History is taken and broken down into a series of Aeons, each with its own dominant concept of divinity and its own "formula" of redemption and advancement. According to Aleister Crowley, the last three Aeons have been (1) the Aeon of Isis, (2) the Aeon of Osiris, and (3) the current Aeon of Horus which began in 1904.
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The three Aeons
The first Aeon of Isis was maternal, where the female aspect of the Godhead was revered due to a mostly matriarchal society and the idea that "Mother Earth" nourished, clothed and housed man. It was characterized by pagan worship of the Mother and Nature. Crowley describes this period as "simple, quiet, easy, and pleasant; the material ignores the spiritual" (Equinox of the Gods).
The Classical/Medieval Aeon of Osiris is considered to be dominated by the Paternal Principle and the formula of the Dying God. This Aeon was characterized by that of self-sacrifice and submission to the Father God. Crowley says of this Aeon:
- Formula of Osiris, whose word is IAO; so that men worshiped Man, thinking him subject to Death, and his victory dependent upon Resurrection. Even so conceived they of the Sun as slain and reborn with every day, and every year. (Heart of the Master)
He also says of the Aeon of Osiris in Equinox of the Gods:
- the second [Aeon] is of suffering and death: the spiritual strives to ignore the material. Christianity and all cognate religions worship death, glorify suffering, deify corpses.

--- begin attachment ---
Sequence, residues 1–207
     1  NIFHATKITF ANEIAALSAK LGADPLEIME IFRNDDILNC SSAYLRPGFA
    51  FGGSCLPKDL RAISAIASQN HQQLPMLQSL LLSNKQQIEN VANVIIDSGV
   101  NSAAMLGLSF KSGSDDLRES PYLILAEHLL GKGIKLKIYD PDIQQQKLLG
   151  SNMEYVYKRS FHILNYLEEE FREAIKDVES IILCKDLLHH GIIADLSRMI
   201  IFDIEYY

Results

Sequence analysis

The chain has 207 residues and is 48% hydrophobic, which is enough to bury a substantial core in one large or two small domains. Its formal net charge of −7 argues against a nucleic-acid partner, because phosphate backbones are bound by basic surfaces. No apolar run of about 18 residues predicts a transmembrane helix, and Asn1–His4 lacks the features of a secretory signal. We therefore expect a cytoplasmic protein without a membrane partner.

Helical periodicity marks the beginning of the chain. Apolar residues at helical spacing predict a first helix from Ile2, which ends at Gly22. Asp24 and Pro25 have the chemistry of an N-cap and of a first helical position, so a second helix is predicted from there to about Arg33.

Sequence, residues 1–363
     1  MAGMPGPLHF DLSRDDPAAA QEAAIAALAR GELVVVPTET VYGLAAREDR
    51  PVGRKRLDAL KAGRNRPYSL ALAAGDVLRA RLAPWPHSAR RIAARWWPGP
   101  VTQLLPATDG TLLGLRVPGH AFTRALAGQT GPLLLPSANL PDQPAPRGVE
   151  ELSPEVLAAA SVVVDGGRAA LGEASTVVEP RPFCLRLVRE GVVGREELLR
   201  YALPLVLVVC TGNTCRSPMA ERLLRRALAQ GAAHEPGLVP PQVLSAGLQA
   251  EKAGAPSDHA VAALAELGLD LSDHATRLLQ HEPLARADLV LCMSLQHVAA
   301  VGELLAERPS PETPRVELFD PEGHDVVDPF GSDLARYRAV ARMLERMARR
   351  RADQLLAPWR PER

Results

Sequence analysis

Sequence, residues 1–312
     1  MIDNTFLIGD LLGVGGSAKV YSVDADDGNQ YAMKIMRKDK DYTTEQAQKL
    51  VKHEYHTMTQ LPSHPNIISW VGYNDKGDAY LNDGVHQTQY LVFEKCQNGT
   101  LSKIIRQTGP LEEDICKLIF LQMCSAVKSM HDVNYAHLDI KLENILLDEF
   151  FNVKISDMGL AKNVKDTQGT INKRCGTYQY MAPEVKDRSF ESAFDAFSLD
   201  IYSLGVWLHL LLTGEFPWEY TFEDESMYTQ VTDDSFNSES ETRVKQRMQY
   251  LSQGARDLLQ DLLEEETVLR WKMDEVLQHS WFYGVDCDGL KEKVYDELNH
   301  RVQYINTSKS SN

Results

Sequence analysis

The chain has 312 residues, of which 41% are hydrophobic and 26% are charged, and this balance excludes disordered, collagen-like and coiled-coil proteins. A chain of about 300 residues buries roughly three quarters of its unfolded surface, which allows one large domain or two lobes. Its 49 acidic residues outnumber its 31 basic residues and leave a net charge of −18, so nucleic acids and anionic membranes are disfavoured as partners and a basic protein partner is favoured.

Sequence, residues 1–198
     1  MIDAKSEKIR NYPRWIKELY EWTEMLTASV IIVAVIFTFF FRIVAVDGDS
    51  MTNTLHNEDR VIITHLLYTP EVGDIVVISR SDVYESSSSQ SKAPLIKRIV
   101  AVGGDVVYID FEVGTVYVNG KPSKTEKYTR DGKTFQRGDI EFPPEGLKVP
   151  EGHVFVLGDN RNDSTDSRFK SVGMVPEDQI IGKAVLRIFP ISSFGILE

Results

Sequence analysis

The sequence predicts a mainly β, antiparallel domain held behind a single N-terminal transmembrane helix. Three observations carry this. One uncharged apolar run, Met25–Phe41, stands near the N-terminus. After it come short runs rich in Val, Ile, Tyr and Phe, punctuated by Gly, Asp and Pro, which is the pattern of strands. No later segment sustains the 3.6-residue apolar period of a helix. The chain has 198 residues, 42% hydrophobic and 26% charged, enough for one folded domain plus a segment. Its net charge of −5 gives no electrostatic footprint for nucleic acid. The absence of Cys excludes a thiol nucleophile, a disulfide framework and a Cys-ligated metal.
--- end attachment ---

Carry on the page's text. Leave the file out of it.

The modern Aeon of Horus, with our times of self-realization as well as a growing interest in all things spiritual, is considered to be dominated by the Principle of the Child. The Word of its Law is Thelema (will) which is complimented by Agape (love), and its formula is Abrahadabra. Individuality and finding the "True Will" are the dominant aspects; its formula is that of growth, in consciousness and love, toward self-realization.
Of the Aeon of Horus, Crowley writes:
- the crowned and conquering child, who dieth not, nor is reborn, but goeth radiant ever upon His Way. Even so goeth the Sun: for as it is now known that night is but the shadow of the Earth, so Death is but the shadow of the Body, that veileth his Light from its bearer. (Heart of the Master)
- The Aeon of Horus is here: and its first flower may well be this: that, freed of the obsession of the doom of the Ego in Death, and of the limitation of the Mind by Reason, the best men again set out with eager eyes upon the Path of the Wise, the mountain track of the goat, and then the untrodden Ridge, that leads to the ice-gleaming pinnacles of Mastery! (Little Essays Towards Truth, "Mastery")
The future Aeon, which is seen to eventually replace the present one, is the Aeon of Ma'at. According to some—such as Charles Standfield Jones (Frater Achad)—the Aeon of Maat has already arrived. For others, (among them Nema, and the Horus Maat lodge) it is present as a backwards-flowing current grounded in the future.
There is a debate as to the temporal span of an Aeon. On the one hand it is argued that an Aeon lasts 2000 years in accordance with the astrological ages generated by the procession cycles of the earth's axis (ie; the 26000 year 'platonic year'), while on the other, Crowley himself suggested that the Horus Age may last as little as 100 years, and that the Aeons might not be uniformly defined in terms of duration. Still another point of view suggests that an Aeon is better interpreted in light of the Gnostic model in which Aeons (or Aions) are considered as stages or spheres of influence in terms of the development of an energy. As such, in this view an Aeon is not Chronological at all, and it is possible for several Aeons to co-exist on the Earth at one time. Contemporary earthly existence of 'prehistoric' cultures, patriarchal structures, and Horus-influenced bastions of individualism, are cited as support for this hypothesis of heterogeneous Aeonics.
- Crowley, Aleister. (1973). The Heart of the Master. Montréal : 93 Publishing.
- ____. (1996). Little Essays Towards Truth. Tempe, AZ : New Falcon Pub.
- ____. (1974). Equinox of the Gods. New York, NY : Gordon Press.